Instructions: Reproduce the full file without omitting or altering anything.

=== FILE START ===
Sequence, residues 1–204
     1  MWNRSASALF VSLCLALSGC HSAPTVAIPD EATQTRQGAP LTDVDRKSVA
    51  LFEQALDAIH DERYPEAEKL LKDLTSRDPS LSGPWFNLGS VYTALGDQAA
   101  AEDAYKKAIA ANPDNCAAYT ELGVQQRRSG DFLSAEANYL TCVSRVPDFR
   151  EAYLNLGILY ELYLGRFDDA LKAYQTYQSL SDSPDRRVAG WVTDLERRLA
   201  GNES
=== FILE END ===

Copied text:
Sequence, residues 1–204
     1  MWNRSASALF VSLCLALSGC HSAPTVAIPD EATQTRQGAP LTDVDRKSVA
    51  LFEQALDAIH DERYPEAEKL LKDLTSRDPS LSGPWFNLGS VYTALGDQAA
   101  AEDAYKKAIA ANPDNCAAYT ELGVQQRRSG DFLSAEANYL TCVSRVPDFR
   151  EAYLNLGILY ELYLGRFDDA LKAYQTYQSL SDSPDRRVAG WVTDLERRLA
   201  GNES